Published on ssdhaliwal.blogspot.com, the article comes a night before the BA of Malaysia’s (BAM) press conference yesterday, and is based on a series on conversations between Lee and the writer before and after sample B of his urine was tested.
“My knees wobbled and I could neither stand nor sit down as I read the letter notifying me I had failed a doping test,” said Lee, his voice choking with emotion.
“I saw my life flash by me, the last 15 years just going up in smoke. I was devastated and just did not know what to do.
“I have never cheated not even made any attempt to cheat, so this was like a bolt of lightening, destroying everything I had worked so hard for.
“I am a firm believer of hard work and effort to achieve success so such an allegation left me speechless and dumbfounded.”
Lee said his wife Wong Mew Choo suggested they take a break abroad to clear his mind and also leave it to the authorities to get to the bottom of the matter.
“The Sports Minister took charge personally and for that I am grateful as he guided me and gave me good advice on how to handle matters,” said Lee.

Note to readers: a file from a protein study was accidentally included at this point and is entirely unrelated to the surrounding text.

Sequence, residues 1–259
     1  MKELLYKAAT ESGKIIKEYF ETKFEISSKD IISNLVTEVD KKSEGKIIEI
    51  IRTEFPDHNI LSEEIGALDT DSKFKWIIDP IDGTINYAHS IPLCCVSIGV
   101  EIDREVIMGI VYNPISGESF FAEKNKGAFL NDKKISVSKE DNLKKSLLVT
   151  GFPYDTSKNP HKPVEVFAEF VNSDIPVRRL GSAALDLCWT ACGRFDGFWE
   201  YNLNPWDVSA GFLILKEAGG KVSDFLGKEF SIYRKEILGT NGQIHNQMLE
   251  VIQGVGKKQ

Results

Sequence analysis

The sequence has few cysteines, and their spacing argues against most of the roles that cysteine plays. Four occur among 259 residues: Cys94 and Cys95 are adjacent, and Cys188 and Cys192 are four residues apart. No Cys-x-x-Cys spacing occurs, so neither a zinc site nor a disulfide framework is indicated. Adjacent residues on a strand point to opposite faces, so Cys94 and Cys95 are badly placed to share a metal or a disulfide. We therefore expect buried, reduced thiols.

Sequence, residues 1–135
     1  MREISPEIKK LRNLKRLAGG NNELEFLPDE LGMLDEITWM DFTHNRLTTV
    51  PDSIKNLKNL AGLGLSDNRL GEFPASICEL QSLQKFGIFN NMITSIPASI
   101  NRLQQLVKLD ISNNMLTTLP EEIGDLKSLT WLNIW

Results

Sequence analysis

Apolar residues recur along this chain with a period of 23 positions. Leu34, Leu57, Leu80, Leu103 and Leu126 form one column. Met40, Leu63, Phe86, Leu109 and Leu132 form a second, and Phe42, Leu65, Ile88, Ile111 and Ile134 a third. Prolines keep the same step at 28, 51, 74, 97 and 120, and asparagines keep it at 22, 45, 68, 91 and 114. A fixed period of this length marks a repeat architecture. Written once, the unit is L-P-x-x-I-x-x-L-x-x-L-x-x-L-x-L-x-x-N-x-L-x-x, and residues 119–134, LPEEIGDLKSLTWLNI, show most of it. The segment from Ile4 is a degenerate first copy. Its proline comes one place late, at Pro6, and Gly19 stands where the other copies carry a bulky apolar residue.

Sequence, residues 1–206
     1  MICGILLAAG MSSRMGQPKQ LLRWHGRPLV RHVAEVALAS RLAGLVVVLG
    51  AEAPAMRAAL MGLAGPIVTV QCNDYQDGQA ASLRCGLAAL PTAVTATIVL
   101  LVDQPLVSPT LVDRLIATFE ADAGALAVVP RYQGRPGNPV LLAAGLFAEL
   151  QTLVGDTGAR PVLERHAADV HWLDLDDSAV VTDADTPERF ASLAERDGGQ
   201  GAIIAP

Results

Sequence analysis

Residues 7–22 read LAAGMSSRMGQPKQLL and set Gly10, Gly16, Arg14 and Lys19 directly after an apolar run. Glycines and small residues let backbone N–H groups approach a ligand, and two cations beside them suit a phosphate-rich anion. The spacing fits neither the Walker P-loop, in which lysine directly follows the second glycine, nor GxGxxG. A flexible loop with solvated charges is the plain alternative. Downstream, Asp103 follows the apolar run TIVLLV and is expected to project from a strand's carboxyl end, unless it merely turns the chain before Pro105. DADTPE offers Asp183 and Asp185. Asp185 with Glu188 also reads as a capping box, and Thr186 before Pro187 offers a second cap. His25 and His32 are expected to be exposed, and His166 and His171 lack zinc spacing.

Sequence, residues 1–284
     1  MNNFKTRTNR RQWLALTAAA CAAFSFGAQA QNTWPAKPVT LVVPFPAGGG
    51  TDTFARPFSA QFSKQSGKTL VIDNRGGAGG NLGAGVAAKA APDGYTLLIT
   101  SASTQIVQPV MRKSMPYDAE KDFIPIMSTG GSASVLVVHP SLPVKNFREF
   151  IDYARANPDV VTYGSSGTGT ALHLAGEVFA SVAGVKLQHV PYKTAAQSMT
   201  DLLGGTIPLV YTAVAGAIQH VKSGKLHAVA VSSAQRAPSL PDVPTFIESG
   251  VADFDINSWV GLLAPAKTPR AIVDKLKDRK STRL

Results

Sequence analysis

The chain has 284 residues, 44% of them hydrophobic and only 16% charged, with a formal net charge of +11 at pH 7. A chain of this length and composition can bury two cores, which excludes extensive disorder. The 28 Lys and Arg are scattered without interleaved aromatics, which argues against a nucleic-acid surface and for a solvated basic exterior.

“I was informed the drug was last injected into me on July 17 and how the traces were still there in August is something I cannot explain.
“Suffice to say I never took drugs beyond those prescribed to me and deny suggestions that I resorted to traditional herbs that contained banned substance.
“I went through an out of competition test on Aug 15 and it was all clear. So it is a mystery how this substance was found in my system on Aug 30.”
The national icon said many a time he wanted make a public statement but opted to wait till sample B was tested.
“I hope the public understands my position and situation. I must reiterate everything is being done to clear the air and to get to the root of the problem,” said Chong Wei, 32.
“I went to Oslo to observe the B sample bottle being opened and go through the documentation to satisfy myself.
“I know the possibility of it being different is remote but it is a procedure that needs to be done.
“All my medications, treatment records and supplements are being treated by the authorities who hope to find out how the substance was still in my system more then a month after I last received the injection for treatment of my thigh injury.”